Draw on the power of smart design to get your kids to linger over their meals and—fingers crossed!—talk to you too.

By Liz Callahan Schnabolk
Ted + Chelsea Cavannaugh

Comfy places to sit and a table that’s durable and intimate are non-negotiable when it comes making mealtime more enjoyable for everyone. But everything from the lightening to the decor around your dining room also impacts how everyone feels in the space. And you want everyone to be upbeat and optimistic!

From keeping surfaces bright and fun to setting the table with stuff your kids will love, here are our best tips and tricks for upping your family dinner game.

The Table

1. Try Before You Buy.

When shopping for dining chairs, head to a store and sit in the real deal. (Bring the kids!)

 2. Assign Seats.

This helps with squabbles and is comforting to kids. “A designated chair creates ownership, and we all feel more relaxed in a place that feels like ‘ours,’ ” says Sally Augustin, Ph.D.

3. Stop the Fidgeting.

The perennially popular Stokke Tripp Trapp chair gradually grows with your child and includes a footrest.

4. Go round.

It’s the best shape for conversation. “When it’s possible to make eye contact with everyone at the table, people feel much more open to talking,” says environmental and design psychologist Sally Augustin, Ph.D. “It’s also an equalizer: There’s no head of the table.”

5. Keep it cozy.

Choose one that’s midsize (a six-seater gives most families a little elbow room), and consider one that expands with leaves to an oval for holidays. A smaller round table also makes it possible to serve food family-style without having to get up a hundred times.

6. Put it on a pedestal.

If you want your kids to be comfortable, they need to be able to maneuver in the space easily. “With kids in mind, I like to minimize two things: corners and table legs,” says Kelly Mindell, a blogger at StudioDIY.com. “A round, pedestal-style table means you’re not worried about kids banging into legs all the time.” One she loves and has in her own dining room: West Elm’s Silhouette Pedestal Dining Table.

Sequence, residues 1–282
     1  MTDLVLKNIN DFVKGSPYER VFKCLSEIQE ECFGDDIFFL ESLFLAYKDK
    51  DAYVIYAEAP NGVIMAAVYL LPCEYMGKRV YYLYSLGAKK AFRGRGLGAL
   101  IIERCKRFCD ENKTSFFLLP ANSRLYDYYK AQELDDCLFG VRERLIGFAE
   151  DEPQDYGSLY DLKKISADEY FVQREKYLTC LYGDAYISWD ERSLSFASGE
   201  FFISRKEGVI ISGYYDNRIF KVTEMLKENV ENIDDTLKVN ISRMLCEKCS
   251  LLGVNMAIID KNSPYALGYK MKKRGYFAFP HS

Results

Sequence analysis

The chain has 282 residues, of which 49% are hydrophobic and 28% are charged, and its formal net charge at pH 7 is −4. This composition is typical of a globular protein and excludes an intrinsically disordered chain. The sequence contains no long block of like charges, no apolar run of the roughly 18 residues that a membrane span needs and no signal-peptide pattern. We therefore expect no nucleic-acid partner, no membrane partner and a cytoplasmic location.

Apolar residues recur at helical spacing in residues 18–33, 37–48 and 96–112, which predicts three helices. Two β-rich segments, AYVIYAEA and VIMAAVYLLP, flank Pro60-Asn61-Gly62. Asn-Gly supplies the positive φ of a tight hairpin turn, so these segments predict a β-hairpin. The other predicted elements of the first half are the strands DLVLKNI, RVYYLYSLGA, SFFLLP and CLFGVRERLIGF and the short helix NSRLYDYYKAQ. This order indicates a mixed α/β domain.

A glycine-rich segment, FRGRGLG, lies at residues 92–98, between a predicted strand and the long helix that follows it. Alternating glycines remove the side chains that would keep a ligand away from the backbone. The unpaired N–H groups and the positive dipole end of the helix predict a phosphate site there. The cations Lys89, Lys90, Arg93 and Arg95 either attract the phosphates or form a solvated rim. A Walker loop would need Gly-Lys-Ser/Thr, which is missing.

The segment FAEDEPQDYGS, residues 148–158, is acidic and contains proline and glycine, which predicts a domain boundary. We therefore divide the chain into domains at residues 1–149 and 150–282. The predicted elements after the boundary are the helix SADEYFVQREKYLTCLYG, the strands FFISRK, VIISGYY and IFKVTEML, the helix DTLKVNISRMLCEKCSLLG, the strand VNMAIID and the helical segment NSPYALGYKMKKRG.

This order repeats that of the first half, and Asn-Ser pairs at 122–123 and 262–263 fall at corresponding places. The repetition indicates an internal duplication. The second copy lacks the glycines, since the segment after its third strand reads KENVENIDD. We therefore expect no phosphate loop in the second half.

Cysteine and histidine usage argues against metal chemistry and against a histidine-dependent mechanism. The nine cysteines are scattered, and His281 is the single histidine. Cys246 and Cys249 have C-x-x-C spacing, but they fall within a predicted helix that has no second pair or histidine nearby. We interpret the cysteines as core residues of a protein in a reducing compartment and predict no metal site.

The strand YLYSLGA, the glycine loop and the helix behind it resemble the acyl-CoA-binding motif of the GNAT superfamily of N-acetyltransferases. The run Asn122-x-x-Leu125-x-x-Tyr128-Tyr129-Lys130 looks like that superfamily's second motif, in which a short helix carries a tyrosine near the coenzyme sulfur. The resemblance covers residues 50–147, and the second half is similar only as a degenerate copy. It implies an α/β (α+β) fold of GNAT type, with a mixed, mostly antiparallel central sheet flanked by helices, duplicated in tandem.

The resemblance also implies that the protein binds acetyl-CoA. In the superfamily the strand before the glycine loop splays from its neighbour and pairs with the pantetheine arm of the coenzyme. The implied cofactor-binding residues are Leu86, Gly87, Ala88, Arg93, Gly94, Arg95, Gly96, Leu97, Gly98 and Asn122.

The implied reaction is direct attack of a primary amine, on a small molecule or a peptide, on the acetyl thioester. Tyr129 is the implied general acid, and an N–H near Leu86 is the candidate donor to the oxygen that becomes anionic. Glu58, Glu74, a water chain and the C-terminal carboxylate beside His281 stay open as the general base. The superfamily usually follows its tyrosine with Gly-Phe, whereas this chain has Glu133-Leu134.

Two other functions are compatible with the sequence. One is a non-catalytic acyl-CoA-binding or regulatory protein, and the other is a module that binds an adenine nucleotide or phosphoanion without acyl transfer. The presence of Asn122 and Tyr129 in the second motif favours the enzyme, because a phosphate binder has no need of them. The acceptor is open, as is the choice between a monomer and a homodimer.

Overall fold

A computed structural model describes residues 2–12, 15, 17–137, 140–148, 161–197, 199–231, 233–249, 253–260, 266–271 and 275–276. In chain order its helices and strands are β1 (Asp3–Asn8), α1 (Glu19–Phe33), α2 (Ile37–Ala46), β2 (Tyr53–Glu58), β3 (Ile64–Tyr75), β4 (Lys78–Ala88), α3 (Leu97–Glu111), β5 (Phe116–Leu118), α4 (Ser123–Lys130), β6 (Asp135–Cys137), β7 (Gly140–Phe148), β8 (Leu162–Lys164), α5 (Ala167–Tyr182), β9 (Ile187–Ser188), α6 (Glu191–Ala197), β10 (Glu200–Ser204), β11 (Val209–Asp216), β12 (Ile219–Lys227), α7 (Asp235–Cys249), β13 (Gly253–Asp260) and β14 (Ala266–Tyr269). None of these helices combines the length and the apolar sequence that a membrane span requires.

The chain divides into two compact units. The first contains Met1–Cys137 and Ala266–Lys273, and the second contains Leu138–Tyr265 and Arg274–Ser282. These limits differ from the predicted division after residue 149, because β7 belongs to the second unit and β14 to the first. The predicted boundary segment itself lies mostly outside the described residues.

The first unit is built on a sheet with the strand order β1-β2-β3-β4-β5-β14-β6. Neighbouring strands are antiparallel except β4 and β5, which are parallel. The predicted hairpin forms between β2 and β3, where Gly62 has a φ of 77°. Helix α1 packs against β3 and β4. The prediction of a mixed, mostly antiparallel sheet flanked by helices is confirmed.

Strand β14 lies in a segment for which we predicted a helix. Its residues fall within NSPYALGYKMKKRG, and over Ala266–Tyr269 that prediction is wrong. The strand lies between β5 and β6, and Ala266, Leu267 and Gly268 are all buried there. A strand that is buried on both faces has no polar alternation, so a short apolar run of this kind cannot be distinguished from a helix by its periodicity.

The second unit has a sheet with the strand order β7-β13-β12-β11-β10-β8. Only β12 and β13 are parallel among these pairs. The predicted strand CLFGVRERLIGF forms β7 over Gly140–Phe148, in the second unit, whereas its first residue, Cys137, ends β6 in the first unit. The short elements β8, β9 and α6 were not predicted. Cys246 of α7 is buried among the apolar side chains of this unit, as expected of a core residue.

7. Embrace the rustic trend.

Farmhouse tables are supposed to have a worn look, so they’ll hide almost anything, says Homepolish interior designer and mom Crystal Sinclair. Avoid options with lots of grooves where crumbs can get stuck.

8. Splurge a little.

“Your table gets a lot of wear, and cheaper ones are going to show it faster,” says Erin Gates, a mom and author of Elements of Family Style. Don’t worry; you can save money elsewhere. Chairs, lighting, and rugs can all be scored at a discount and no one will notice.

The Seating

Courtesy of Sit Down New York

9. Keep chairs light.

Elementary-school kids should be able to pull the chairs in and out themselves, so avoid heavy and bulky options. And skip chairs with arms, which can make kids feel trapped. Opt instead for something similar to the Eiffel Chair.

10. Consider height.

For a kid to eat comfortably, he should be looking down at his food, says Jennifer Anderson, R.D.N., a Maryland mom of two who runs KidsEatInColor.com. This may mean adding a booster seat for your littles. “If your child is too low to eat comfortably or make eye contact with his siblings, he’s going to be more focused on that than on enjoying family time,” says Roger Hart, Ph.D., an environmental psychologist and director of the Children’s Environments Research Group, at the City University of New York’s Graduate Center.

11. Try a youth chair.

These tall children’s chairs with footrests bridge the gap between a high chair and a grown-up chair. Find them at IKEA and YouthChairStore.com.

12. Take care of dangling feet.

Giving your kids’ legs a place to rest can make little ones feel more stable and secure (and, you guessed it, get them to sit longer). Choose chairs that already have a bar around the legs, or simply stick a footstool under your youngest and call it a day.

13. Include the babies.

“Go for a high chair that can be pulled right up to the table and has streamlined legs that you won’t constantly trip over,” says Sinclair. Nomi chair.

14. Don’t fear upholstery.

But do choose the right fabric. Crypton, Sunbrella, and leather are great options. Yes, leather: “It’s super-easy to clean, can take a beating from little hands, and will get a nice patina over time,” says San Francisco mom and Decorist designer Briana Nix.

15. Or try a bench.